Long-distance wireless charging could power your smart home

DMCA / Correction Notice
- Advertisement -

Archos plans to release a security cam that, thanks to the Ossia long-range wireless power, has no wires.

- Advertisement -

it’s part of the story They, where Nerdshala covers the latest news on the most incredible technology coming soon.


After years of promise, hype and development, technology that can charge devices from across rooms or through walls is coming to the market.

or And energetic, both proponents of nascent technology used CES 2022 to show off new products that will keep security cameras, smart doorbells, hearing aids and similar products continuously charging while you remove the cable or charging pad.

- Advertisement -

Kota, the wireless charging technology developed by Ossia, will start appearing in the products of the French electronics maker archos Later this year, Doug Stovall, chief executive of Oceania, said in an interview from the CES show floor in Las Vegas this week. Products sporting the Cota will include a fully wireless security camera, an air monitoring sensor, and a pet tracker, which is set to hit stores this year. Archos is yet to reveal the prices.

Stovall indicated that another Ossia partner – “think of the big furniture companies based in Scandinavia” – is working on the commercialization of its Kota Power Table, which uses Ossia to beam power from the ceiling to a traditional phone-charging pad. uses technology. The table can be useful in businesses such as coffee shops, allowing customers to power up without having to plug in.

Energous showcased a range of devices that use its WattUp charging technology, which also spills juices into a room. products include yeartechnic hearing aids, Gokhale Asana Tracker medical monitor and Williot Smart Tracking Tag, Energous did not disclose prices and availability.

The rollout of products using Ossia’s and Energous’ technologies highlights the maturity of charging systems that do not require a physical connection to a power source. Long-range wireless charging technologies, such as Kota and Wattup, send beams of radio energy to devices that require modest amounts of power and that are within several feet of the transmitter. Even though it’s not powerful enough to juice up a laptop or TV, the technology has the potential to make it easier to charge a growing number of low-power smart home and Internet of Things devices in homes, offices, shops and factories.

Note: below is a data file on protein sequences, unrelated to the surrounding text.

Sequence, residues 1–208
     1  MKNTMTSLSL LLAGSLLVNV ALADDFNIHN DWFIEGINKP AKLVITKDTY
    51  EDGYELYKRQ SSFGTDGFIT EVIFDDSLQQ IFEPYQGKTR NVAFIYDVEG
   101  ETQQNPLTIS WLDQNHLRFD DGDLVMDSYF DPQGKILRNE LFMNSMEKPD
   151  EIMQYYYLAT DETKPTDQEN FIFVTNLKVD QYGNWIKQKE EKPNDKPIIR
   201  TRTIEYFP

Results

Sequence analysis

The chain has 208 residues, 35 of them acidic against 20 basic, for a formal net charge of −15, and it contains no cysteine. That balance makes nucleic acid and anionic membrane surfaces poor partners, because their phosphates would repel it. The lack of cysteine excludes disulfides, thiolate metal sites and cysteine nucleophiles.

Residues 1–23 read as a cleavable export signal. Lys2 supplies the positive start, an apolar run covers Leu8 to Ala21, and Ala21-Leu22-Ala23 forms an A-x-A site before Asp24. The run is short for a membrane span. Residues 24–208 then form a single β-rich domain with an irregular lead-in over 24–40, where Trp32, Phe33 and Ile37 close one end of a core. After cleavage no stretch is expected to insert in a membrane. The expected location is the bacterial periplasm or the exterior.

“If you have smart locks, Ring-style doors, and other cameras for security or baby monitors, that starts to add up,” Stovall said. “All of a sudden you have to worry about how you keep these devices alive.”

Ossia and Energous technologies locate devices and establish direct connections for higher power and greater efficiency. Oceania also offers software that controls which devices are allowed to charge, so customers don’t have to worry about neighbors poaching their radio waves.

another company, powercast, is using Radio energy to power in-store electronic price labels She Autonomous, corridor-roaming robots built by Badger Technologies You can read to monitor stock levels. PowerCast also has consumer products in mind, as evidenced by University of Arizona researchers building PowerCast-enabled medical sensors, which were showcased at CES.

Unlike short range wireless charging, which uses the Qi standard and requires devices to be on a charging pad, long range wireless is still a battle between proprietary technologies. Apart from Ossia, Powercast and Energous, start-ups master wireless There is also a claimant. Short range charging honestly worked only after it settled on an industry standard.

One barrier to achieving long-distance charging in homes and businesses is cost. Charging transmitters, which beam power to devices, run between $200 and $300 for Ossia’s technology. Oceania’s receiving antennas and electronics, which combine support for devices with technology, add up to between $1 and $8 depending on power ratings and other factors. (Some of that cost is offset by eliminating traditional power electronics.)

There is also a size tradeoff. Miniaturization is good, but larger transmitting and receiving antennas can beam more power. Works on devices as small as a Cota AA battery.

Oceania’s initial charging transmitter is a panel of approximately 2 feet square (60 cm) that fits into a ceiling panel. At CES, Ossia showcased two smaller panels under development, one 40 by 40 cm and the other 30 by 30 cm. The smaller model can plug directly into a wall outlet or fit into a smart speaker, but the smaller size has a shorter range.

Different varieties of long distance wireless charging are also coming. start up Witricity Electric-automakers are expected to adopt its wireless charging technology, transforming parking lots, docks and even roadways into power sources. At CES, Samsung announces a TV remote control that charges ambient radio waves, an example of a technique called energy harvesting.

- Advertisement -

Stay on top - Get the daily news in your inbox

Recent Articles

Related Stories